There are Contra games I still play annually to this day — and I’m not just referring to the original.
I really have to give a ton of credit to Shattered Soldier and Neo Contra, the two (these days, low key) PS2 entries, for laying it down with two of the most fun co-op campaigns to date, and Arc System Works’ Hard Corps: Uprising still looks beautiful (I can’t believe it’s been eight years).
“Beautiful” isn’t exactly how I’d describe Contra: Rogue Corps, but at a budget price it might suffice as a rainy day weekend type of game.
Contra: Rogue Corps (PC, PS4, Switch [reviewed], Xbox One)
Released: September 24, 2019
Contra: Rogue Corps isn’t solely a Konami internal project per se. It’s actually co-developed by Toylogic, who mostly have done assistance/auxiliary work on a few big-name projects like Kid Icarus: Uprising and Psycho Break (Evil Within). However, Nobuya Nakazato directed it, who helmed the legendary Rocket Knight on Genesis, and had a hand in a ton of other games (including OG Contra joints). This mishmash of talent involved bleeds into the game itself, which is a roller coaster of a shoot ’em up.
Rogue Corps attempts to continue the very loose “Alien Wars” timeline of the series proper, but really, all you need to know is that you’re playing as a crazy dude (Kaiser), a panda (Hungry Beast), a badass woman (Ms. Harakiri), and a gross bug thing (Gentleman). Well, you should also take into account that Rogue Corps dials up the absurdity (beyond the 3D glasses and killer robot chicken from the oddball PlayStation entry Legacy of War) up to Borderlands levels.
For example: Ms. Harakiri isn’t just a bloodthirsty assassin, she has an alien embedded in her stomach that she keeps under control with a sword (“I would advise not getting killed by her”). Characters shout profanities on command, and there’s these little transition animations that rule in a ’90s cartoon sort of way that are super morbid. In one of the first cutscenes, the gang saves an innocent hostage from the alien menace, only for said hostage to melt horrendously by way of an acid bath moments later. To some extent this playful tone extends to the game itself: enemies can flip up and smash against the screen like a Super Nintendo brawler.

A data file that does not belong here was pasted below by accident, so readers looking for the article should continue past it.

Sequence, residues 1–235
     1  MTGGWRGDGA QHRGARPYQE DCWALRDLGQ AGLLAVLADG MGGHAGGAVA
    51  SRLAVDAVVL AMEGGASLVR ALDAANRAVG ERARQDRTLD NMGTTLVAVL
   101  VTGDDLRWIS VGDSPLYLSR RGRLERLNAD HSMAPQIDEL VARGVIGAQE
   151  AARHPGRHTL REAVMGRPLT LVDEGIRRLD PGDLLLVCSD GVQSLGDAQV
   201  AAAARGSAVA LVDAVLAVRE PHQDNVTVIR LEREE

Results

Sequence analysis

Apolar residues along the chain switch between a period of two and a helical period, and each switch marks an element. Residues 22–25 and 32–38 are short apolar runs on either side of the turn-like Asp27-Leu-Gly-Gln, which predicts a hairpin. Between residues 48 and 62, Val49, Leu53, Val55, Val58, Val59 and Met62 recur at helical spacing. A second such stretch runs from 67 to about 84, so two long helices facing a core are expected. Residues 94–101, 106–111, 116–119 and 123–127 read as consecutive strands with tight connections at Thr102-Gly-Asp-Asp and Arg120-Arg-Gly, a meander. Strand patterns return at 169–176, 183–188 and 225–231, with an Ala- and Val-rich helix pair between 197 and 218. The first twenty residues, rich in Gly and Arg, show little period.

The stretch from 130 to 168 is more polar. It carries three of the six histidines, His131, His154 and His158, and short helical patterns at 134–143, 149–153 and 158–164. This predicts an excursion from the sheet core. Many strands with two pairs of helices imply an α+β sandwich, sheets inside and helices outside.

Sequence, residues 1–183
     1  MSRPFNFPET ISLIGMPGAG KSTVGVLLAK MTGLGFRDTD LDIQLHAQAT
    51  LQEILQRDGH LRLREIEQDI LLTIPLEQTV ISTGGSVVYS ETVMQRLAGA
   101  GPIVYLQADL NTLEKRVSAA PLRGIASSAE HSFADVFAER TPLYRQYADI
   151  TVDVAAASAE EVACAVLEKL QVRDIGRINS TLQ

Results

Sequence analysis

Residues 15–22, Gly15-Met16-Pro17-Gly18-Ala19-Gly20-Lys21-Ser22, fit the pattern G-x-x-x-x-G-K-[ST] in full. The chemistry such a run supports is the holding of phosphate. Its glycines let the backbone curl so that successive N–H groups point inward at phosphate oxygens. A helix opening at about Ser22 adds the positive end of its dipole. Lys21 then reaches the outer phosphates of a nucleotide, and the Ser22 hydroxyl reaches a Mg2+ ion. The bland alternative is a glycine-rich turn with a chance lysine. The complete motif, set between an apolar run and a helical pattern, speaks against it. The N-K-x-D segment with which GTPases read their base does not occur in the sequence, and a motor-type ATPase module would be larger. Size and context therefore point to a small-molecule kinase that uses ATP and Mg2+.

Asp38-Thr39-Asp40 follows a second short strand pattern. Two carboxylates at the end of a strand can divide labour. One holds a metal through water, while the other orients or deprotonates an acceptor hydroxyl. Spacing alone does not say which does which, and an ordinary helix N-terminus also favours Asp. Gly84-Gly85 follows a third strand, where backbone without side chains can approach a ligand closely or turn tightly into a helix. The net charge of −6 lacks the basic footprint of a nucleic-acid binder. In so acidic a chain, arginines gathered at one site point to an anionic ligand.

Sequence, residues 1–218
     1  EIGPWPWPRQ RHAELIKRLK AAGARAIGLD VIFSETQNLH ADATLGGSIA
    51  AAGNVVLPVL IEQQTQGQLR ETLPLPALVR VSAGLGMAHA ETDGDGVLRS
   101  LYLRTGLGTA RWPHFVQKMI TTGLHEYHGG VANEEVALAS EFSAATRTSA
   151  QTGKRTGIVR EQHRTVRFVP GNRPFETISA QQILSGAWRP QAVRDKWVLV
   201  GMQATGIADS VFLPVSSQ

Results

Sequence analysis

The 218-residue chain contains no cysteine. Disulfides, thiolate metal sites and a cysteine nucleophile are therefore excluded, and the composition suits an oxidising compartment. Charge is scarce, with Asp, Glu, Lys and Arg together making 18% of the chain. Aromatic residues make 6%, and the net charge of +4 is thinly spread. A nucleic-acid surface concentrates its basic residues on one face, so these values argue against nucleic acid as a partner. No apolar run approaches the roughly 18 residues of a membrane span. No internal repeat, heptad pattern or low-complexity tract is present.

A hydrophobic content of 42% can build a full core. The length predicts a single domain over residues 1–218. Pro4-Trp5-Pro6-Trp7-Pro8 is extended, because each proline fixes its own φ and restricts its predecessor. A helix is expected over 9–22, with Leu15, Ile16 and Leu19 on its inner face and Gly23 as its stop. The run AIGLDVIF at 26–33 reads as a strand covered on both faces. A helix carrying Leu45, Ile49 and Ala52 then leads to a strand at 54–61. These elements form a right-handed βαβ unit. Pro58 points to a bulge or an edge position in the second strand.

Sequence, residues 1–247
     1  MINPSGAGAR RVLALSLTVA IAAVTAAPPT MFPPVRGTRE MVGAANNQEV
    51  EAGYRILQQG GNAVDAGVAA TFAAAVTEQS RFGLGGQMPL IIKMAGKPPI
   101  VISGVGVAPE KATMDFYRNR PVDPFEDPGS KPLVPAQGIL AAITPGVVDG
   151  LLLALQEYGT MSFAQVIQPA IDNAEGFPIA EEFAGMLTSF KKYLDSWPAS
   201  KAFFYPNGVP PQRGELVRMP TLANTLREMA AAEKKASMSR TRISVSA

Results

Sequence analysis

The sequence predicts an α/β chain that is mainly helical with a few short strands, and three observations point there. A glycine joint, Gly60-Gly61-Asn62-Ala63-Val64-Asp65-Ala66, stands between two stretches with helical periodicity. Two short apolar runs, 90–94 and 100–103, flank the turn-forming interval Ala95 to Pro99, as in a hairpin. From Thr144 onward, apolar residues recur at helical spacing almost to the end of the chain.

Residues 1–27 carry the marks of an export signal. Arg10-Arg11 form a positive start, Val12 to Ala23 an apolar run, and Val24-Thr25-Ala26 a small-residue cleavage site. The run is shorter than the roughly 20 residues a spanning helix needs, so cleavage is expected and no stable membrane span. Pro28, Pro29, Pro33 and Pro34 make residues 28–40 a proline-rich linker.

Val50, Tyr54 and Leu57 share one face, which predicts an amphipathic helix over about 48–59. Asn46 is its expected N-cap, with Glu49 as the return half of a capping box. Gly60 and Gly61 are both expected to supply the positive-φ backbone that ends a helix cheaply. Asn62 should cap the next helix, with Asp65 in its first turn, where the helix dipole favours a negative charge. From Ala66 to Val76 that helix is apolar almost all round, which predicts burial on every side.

It’s cool and frequently silly, all to its benefit. But once you actually load up into the game itself (especially on Switch, where it looks particularly rough), that veneer starts to fall apart. Confusingly, Rogue Corps is actually broken up into multiple modes. The campaign, which features constant camera changes, is actually the main event and can be played via online or locally with multiple Switches. Then there’s a strange PVP component, and the couch co-op portion (this is important) is actually a separate gametype that you need to unlock. We’ll get to that.
This is a messy game, there’s just no other way to say it. There’s no traditional pause in offline single-player, and I spotted menu typos (“allows here” instead of “allows her” in the loading screen tips menu), you name it. In some cases, “rough” is an understatement in reference to the aesthetics (again, on Switch, the version I played), and I just want to ask one question: is it possible to patch in a soundtrack? The practically non-existent one feels like a wasted opportunity when over-the-top crazy metal would have been a killer choice.